Glimpses of Dyrham through the ages

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William Blathwayt, creator of Dyrham Park

A self-made man


William Blathwayt (1649-1717) was responsible for transforming Dyrham Park into one of the wonders of the age. Hard-working civil servant, linguist, traveller, lover of art, architecture and books, MP for Bath, family man and careful spender, his administrative talents brought him many lucrative offices of state (notably for war and the colonies) under successive monarchs.

Son of a hard-up gentleman commoner

 © National Trust/Elaine Hodgson

Blathwayt's early life was marred by tragedy. His father was a London lawyer who died destitute when his only son was five years old. Fortunately, William's widowed mother Anne was bailed out by her wealthy brother, Thomas Povey, and went on to remarry Thomas Vivian. Her new husband, a friend of Povey's, proved a willing step-father to William and his three sisters.

Thomas Povey, 'coxcomb and fool'

 © National Trust

Despite this unflattering assessment by Samuel Pepys, Thomas Povey was an important role model for the young Blathwayt, opening many doors for his eager nephew. Povey was a rich administrator and art collector who lived in great style after an advantageous marriage. In 1693, William bought many pictures from him that would form the core of the renowned collection at Dyrham.

A view of the gardens at Dyrham Park in 1710, by Johannes Kip © National Trust

A view of the gardens at Dyrham Park in 1710, by Johannes Kip

'...beautiful gardens of a great extent...'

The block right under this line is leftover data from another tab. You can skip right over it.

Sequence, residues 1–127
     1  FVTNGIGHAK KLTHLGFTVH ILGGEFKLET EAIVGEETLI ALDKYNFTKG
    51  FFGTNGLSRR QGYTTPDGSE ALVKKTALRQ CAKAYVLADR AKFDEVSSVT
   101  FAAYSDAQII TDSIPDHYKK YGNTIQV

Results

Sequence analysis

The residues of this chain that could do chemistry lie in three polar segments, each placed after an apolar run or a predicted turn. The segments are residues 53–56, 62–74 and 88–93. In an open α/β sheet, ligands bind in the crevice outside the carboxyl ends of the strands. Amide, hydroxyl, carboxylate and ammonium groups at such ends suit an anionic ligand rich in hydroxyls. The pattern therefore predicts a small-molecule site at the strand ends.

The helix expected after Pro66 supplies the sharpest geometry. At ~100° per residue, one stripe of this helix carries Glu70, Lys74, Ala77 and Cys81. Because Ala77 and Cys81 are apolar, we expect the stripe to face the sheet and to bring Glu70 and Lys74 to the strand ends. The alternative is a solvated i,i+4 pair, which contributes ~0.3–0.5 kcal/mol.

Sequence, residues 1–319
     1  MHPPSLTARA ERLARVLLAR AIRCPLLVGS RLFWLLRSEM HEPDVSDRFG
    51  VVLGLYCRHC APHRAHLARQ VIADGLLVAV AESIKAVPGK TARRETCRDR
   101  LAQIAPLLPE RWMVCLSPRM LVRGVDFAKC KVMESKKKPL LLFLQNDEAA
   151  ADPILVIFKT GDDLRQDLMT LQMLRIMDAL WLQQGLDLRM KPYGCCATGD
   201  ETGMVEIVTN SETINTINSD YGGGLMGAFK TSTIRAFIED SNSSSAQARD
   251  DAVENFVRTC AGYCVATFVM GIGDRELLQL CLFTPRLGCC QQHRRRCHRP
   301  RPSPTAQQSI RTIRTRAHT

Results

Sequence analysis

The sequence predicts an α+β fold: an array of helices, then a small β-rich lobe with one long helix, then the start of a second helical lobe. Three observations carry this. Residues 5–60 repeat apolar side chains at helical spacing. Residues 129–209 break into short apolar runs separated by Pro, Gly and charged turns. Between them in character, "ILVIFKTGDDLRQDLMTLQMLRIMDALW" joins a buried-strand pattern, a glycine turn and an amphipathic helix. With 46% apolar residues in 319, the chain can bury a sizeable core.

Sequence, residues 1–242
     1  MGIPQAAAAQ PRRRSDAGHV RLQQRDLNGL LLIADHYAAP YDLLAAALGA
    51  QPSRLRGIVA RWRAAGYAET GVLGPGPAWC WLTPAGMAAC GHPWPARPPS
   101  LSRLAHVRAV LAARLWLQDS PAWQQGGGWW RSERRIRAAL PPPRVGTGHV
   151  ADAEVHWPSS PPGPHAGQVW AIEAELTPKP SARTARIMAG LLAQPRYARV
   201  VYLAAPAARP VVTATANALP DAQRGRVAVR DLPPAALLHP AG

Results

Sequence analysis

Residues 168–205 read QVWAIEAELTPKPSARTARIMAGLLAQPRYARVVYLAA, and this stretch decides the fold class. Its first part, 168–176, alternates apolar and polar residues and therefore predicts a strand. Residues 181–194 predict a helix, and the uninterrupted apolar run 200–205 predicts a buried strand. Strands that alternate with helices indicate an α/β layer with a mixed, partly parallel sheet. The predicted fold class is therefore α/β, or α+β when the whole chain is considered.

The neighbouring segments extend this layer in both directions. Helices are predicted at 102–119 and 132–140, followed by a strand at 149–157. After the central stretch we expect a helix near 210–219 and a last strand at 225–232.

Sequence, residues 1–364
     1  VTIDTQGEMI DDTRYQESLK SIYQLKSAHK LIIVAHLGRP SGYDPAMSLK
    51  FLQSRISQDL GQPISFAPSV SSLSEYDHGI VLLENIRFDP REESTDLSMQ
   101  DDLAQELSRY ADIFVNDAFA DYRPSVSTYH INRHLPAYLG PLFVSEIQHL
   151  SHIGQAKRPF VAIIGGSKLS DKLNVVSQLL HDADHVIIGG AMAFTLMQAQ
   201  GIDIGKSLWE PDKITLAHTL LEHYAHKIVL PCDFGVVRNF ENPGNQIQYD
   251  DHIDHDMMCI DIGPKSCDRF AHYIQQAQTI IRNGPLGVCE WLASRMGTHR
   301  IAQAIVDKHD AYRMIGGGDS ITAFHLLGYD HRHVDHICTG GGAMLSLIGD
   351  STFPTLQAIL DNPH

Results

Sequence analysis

William Blathwayt's legendary gardens at Dyrham, shown here in an engraving from 1712, have now mostly disappeared. To the east of the mansion, only the statue of Neptune remains as a clue to the splendour of an elaborate Dutch-style water garden, replaced in the early 1800s by the landscaped parkland you see today.

In recent years, a long-term project to recreate some of the original features of the West Garden has begun to give a sense of how the house was once the focal point of a complex series of formal partitions, paths and vistas.

The statue of Mercury above the West Front is over 300 years old © National Trust

The statue of Mercury above the West Front is over 300 years old

Dyrham today - conservation and restoration

After extensive repairs, Dyrham was handed to the National Trust in 1961 to be cared for and opened to the public. The acquisition was completed in 1976 when the historic 272-acre deer park was purchased with a grant from the National Heritage Memorial Fund.

Backed by our four million members, we aim to look after Dyrham Park, its grounds and unique contents forever, for everyone. In addition, our staff and volunteers continually strive to improve visitor facilities, access and interpretation, bringing the whole property and its rich history to life for visitors of all ages.